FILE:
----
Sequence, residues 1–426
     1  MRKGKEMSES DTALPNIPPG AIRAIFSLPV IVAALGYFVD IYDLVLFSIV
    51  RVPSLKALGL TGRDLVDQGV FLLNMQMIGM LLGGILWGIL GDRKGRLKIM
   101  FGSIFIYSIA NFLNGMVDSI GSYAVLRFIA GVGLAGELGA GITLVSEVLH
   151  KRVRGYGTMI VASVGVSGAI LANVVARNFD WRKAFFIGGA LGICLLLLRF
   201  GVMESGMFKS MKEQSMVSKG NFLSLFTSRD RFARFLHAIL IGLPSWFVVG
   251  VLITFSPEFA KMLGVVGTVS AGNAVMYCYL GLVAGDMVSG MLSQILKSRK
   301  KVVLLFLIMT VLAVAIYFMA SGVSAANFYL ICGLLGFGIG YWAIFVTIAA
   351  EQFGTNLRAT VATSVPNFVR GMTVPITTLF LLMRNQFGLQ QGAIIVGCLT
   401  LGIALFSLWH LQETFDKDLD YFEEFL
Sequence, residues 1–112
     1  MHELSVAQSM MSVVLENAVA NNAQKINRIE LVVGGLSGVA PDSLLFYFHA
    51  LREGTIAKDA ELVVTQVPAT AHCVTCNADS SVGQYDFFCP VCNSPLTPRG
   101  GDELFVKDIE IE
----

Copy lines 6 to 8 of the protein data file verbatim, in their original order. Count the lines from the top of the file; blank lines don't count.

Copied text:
   201  GVMESGMFKS MKEQSMVSKG NFLSLFTSRD RFARFLHAIL IGLPSWFVVG
   251  VLITFSPEFA KMLGVVGTVS AGNAVMYCYL GLVAGDMVSG MLSQILKSRK
   301  KVVLLFLIMT VLAVAIYFMA SGVSAANFYL ICGLLGFGIG YWAIFVTIAA